After an informal introduction by Marilyn Pratt, Craig Cmehil addressed the audience and threw in a challenge right off the bat. [Craig] What is the “Big Secret” of the Community? Craig asked and offered a “magic box” for the first person in the room who’ll figure it out during the day.
The Innovative Community Day @ Bangalore is a first of its kind: A hybrid model with community day activities such as sessions, presentations, speed networking on one hand and on the other hand having elements of innovation weekend where real life business problems are solved. It’ll also for the first time that technologies like “River Platform” & “Project Gateway” will be unveiled for people to experience. (both technologies were announced earlier this year – 2010). Starting 5 pm these technologies will be unveiled and attendees will team up to solve real life business cases using these technologies.
Craig, in his introductory remarks, repeatedly mentions a “guest speaker” but nothing is revealed until last minute. It turned out to be none other than the Managing Director of SAP Labs India, VR Ferose, who took some time off his busy schedule to talk to the innovators at the community day. “Community” and “Partnership” were they key themes of his wonderfully delivered speech. I tried to capture a few highlights:
- Ferose quoted an example of “Fake IPL Player” (a blog by a non-descript author) which became the most read publication about the Indian Premier league (IPL – European style cricketing club events). The author wrote the blog from a fake id and no one knew who this “author” was. Later this became the first book to be published without an author’s name. It also went on to become a best seller. So? Well the point he tried to make here is that such things are possible in the context of a community. A group of people like the blog and they pass it on and it soon becomes big – whether or not the author planned for it. Facebook is a similar example. Community endorsed “Facebook” and it became very big.
Ferose then talked about the importance of partnership and how it helped SAP in a couple of Corporate Social Responsibility projects. A few months ago, SAP wanted to help the underprivileged children in India by providing access to computer labs but realized it couldn’t do it alone. SAP partnered with Nokia & the local govt. and was able to provide laptops, batteries for the laptop and solar panels to power the labs. The point here is that partnering is a smart way to solve big problems even when you individually don’t have the capacity to solve it.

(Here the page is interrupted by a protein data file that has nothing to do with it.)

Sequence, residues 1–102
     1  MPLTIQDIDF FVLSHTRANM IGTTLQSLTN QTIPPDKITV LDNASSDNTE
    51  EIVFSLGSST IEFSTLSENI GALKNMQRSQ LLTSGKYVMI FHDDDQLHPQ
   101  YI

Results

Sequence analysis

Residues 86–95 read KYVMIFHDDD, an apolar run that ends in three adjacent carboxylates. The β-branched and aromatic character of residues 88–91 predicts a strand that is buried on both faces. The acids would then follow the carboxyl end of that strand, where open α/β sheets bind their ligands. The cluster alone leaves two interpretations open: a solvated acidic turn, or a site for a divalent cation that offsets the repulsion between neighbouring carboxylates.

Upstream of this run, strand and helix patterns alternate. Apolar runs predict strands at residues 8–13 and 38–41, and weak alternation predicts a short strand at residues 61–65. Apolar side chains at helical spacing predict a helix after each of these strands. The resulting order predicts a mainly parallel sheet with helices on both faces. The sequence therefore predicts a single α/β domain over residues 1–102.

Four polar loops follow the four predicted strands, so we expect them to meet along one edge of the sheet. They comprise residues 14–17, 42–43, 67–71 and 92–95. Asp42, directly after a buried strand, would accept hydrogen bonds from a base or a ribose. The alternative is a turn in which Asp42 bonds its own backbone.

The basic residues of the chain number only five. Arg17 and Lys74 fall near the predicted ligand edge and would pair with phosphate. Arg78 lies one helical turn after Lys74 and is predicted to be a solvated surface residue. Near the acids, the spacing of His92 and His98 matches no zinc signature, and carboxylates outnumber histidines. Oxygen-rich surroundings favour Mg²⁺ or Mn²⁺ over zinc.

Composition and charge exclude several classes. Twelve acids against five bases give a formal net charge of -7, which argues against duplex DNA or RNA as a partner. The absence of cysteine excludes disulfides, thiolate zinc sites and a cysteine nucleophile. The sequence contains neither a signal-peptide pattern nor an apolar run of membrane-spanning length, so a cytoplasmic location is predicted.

Thirdly, Ferose urged the SAP community members to question the status quo and think about becoming a 50 million strong community from 2+ million members today. Is this possible? How can we do it? (Ideas are welcome J)
Lastly, Ferose concluded his speech by telling a funny tale about “Know your customer”. His team was challenged with putting together a corporate social responsibility project of building and running a computer lab for the underprivileged children. They worked very hard and came up with some innovative solutions to accomplish this project. But at the time of actually “presenting” to their customers (i.e. educating the underprivileged children about the lab, technology etc) they realized that none of their customers understood what they said – language barrier. It’s a small and simple thing but a great realization of “really knowing your customer”.
I hope I did justice in summarizing Ferose’s note to us today. Do let me know if you were at the event and have something else to add.
(video courtesy of Marilyn Pratt)
Back to community day: After a “busy” speed networking schedule orchestrated by Marilyn Pratt, I’m sure all the attendees felt they knew their neighbors
The next session was an overview of Code Exchange by Rui Nogueira and below are the highlights:
- Code Exchange is mainly two things:
a. Set of collaboration tools & code repository
b. Legal framework
- The main goals of the “Code Exchange” program are to enable people to come together to build code, create add-ons, work on interesting projects or simply to consume the interesting pieces of code in the code repository.
- People from different companies/profiles work on the same code in Code Exchange, bring in ideas and hence lead to a mixed IP effort.
- The three broad use cases of code exchange are: Initiate, Contribute & Consume
a. “Initiate” or create a new code and get recognition from the SAP Community for the code/add-on you created
b. Or you could “Contribute” that is search for projects you are interested in and work on them
c. Or just consume! Look for interesting add-ons on the code exchange and use them in your day-to-day work.
- Code Exchange – Current status quo:
a. 450+ users since go-live at SAP TechEd 2010 Berlin
b. 450+ subversion commits
c. 50+ projects
If you want to know more about Code Exchange reach out to Rui Nogueira (@ruinogueira) or check out the community page which has all the information: http://www.sdn.sap.com/irj/scn/code-exchange
Watch out for a follow-up blog covering rest of the events – project gateway, business cases and more!